If your child is older than, say, about 7, chances are his backpack may possibly weigh more than he does. Since the second grade, there have been days where the walk home from my son’s school has left my back and shoulders feeling slightly traumatized. And my son is quite tall for his age; I can’t fathom how the smaller kids in his class, especially some of the little girls, manage the backpack up two flights of stairs each day.
So I was filled with delight when I heard that Apple is expected to announce new partnerships today that will bring digital textbooks to students at an event at the Guggenheim Museum. If anyone can do it, Apple can.
It was just thirty years ago when Steve Jobs lobbied to get computers into the classroom and through much effort (and tax breaks from the government), that dream was made possible. That changed school as we know it. By second grade, many kids are doing research projects online, and most Pre-K classes have routine computer technology classes. Let’s face it: the whole world is online now and if you’re not, you’re going to be lost in the education process.
Bringing textbooks to a mainstream digital format is the natural step forward. There is no need for kids to lug home 20- or 30-pound schoolbags just to do homework on one single page. At the same time, teachers don’t always have the time or school resources to manually make copies for each student either, and if they did, that choice is not the best environmentally sound option.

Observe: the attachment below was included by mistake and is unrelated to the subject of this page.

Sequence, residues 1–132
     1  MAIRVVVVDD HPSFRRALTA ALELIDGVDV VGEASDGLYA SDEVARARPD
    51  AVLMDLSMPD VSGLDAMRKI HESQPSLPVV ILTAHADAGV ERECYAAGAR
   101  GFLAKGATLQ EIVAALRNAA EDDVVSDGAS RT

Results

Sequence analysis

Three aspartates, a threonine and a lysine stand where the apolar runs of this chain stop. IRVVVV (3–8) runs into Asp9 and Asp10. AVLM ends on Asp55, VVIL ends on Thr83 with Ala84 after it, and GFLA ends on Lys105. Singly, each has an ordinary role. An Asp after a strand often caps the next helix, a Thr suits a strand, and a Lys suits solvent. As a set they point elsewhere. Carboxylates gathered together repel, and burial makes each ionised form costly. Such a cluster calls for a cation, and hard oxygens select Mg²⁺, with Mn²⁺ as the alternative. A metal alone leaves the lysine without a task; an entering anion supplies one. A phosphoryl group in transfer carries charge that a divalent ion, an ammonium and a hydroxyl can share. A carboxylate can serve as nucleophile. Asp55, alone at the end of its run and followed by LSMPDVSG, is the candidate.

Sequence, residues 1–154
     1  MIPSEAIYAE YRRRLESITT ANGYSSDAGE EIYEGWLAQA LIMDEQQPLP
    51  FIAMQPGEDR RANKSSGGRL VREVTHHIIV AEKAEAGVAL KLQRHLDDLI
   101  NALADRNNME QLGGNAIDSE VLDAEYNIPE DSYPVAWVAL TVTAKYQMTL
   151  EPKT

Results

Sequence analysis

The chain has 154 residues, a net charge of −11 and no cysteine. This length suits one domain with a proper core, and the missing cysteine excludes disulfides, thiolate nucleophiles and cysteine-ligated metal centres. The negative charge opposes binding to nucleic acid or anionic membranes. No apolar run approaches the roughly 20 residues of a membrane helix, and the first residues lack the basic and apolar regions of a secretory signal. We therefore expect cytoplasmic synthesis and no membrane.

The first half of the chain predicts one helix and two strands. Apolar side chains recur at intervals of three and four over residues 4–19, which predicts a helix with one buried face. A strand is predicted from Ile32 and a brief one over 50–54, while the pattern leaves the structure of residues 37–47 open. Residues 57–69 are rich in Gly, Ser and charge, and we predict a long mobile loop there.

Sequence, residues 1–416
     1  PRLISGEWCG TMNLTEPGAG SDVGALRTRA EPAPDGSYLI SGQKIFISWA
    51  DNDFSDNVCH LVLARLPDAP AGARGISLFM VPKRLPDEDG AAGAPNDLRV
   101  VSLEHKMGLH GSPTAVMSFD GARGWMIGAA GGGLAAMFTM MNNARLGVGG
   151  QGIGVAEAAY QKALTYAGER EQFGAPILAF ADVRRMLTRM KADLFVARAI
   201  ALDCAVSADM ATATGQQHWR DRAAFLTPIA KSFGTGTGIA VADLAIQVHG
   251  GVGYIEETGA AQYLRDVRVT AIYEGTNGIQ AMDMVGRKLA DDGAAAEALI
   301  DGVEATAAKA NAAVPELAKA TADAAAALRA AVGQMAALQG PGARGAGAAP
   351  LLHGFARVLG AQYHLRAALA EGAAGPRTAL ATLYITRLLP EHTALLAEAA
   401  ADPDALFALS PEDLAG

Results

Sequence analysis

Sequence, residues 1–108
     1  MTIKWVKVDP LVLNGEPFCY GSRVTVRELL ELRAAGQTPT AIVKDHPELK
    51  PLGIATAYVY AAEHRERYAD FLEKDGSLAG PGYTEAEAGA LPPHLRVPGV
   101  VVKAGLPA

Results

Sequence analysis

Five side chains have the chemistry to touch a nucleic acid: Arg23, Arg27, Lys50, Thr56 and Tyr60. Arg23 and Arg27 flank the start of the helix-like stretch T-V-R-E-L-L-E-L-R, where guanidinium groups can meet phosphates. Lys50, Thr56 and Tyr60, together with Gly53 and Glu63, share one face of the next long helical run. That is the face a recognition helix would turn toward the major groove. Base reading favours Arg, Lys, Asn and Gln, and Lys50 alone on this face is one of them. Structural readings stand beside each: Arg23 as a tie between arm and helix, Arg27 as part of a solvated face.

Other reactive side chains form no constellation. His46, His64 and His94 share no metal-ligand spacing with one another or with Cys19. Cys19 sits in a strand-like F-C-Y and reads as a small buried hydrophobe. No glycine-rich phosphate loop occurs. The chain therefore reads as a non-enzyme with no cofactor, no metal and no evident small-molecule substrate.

I also wonder how much the digital versions will improve quality of information supplied to our kids. Too many schools suffer with old textbooks that have outdated information, missing or graffiti filled pages, that are basically falling apart just because they don’t have the funds to supply new books for the whole school. Digital versions will be cheaper, once the iPads are in place, of course.
Apple plans to accomplish the new dream of iPads for every classroom by utilizing some of the same tools they did for getting computers into the classroom, mostly by calling on the government to offer technology grants to schools. Of course, the partnership will yield mass profit for Apple as the Washington Post reports, the company plans to “aggressively push a strategy that would secure its dominance among a variety of schools, from New York City’s public system to Stanford University.”
Would you prefer to have your child’s textbooks in digital format? How heavy is your child’s backpack?
UPDATE: See video below for official video presenting Apple’s iBooks 2.
For eco-conscious kids to mini-fashionistas: Babble’s Best Kids Backpacks!